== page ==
India Needs Discoms To Achieve The 400GW RE Target Set By Modi
Last week the G20 summit ended at Rome with commitments from world leaders. Prime minister of India Mr. Narendra Modi made a tall claim for producing 500 GW of capacity though by 2030. His promise is that 50% of the capacity to be built from renewables will be accomplished by 2030. He did say so at the COP26 which is looking at participating nations to show some progress.
During his session, PM Modi also shared about Climate Change and Environment, where he proposed three actionable points before the G20 partners, including setting up of a Green Energy Projects Fund, to be used for countries where the peaking has not been reached yet.
The current capacity of renewable energy (RE) is just about 100 GW. This means India has to add another 400 GW by 2030. The big question is whether India is really ready to reach that commitment that has been made in such a huge forum by the country’s leader.
This news comes at a time when the India’s coal shortage and anxiety amongst state governments is mounting on daily basis. Pressure mounting on the Center over coal shortage has got the heads of states to come together in the government to draw up a detailed action plan to bridge the gap 400 GW.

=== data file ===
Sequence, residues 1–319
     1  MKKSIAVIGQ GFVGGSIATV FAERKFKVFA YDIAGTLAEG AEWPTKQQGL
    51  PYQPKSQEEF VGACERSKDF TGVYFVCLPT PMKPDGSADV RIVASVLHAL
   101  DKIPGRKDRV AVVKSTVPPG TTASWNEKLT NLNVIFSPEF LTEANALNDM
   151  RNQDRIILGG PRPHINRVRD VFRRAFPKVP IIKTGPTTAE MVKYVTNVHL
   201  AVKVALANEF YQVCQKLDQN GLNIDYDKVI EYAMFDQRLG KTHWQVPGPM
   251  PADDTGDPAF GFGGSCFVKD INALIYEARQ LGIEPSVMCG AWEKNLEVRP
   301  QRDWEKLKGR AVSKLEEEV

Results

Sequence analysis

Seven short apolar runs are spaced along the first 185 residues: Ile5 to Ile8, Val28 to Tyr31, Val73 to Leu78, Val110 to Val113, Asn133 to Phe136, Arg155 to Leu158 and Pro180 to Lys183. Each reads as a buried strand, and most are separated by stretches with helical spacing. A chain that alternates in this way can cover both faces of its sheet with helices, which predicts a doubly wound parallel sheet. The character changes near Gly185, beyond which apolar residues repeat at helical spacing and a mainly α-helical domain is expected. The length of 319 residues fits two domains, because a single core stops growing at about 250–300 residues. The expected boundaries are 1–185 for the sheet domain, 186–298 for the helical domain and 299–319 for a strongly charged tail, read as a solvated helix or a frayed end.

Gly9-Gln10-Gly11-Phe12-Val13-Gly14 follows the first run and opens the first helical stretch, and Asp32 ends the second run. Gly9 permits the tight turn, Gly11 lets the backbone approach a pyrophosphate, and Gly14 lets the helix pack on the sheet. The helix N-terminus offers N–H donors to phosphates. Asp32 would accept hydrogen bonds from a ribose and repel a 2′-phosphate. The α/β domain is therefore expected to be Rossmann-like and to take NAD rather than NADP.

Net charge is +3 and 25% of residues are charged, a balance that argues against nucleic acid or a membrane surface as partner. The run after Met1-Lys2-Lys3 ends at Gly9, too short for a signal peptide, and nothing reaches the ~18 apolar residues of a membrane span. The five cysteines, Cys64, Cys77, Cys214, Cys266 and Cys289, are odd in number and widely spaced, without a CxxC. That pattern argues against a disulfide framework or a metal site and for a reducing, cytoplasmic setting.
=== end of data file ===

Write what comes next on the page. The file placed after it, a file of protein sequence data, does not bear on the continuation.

As per the current estimates made by government agencies, India needs a stall up capacity to 40 GW of renewable energy (RE) per annum for the next 8 years. This is a tall order considering the current average of 8GW of RE per annum till 2020, except 12 GW in 2021.
This also helps to meet India’s commitment to the Paris Agreement and zero emission target towards 2030. Modelling studies have recently been initiated for the annual upgrade required. The new energy mix would be pure renewable energy (RE) led drive, excluding large hydro-power, the break-up of supply will be 280 GW from Solar Power, 140 GW from wind energy, and the remaining from other
hybrid energy sources. Estimates say that 44.7% of India’s electricity demand can be met by non-fossil fuels by 2030. Taking this up to 50% would bring in hydropower and nuclear power to the mix as well. The model becomes sustainable when discoms mandatorily buy up renewable energy generated, and big establishments use it up to a quantum.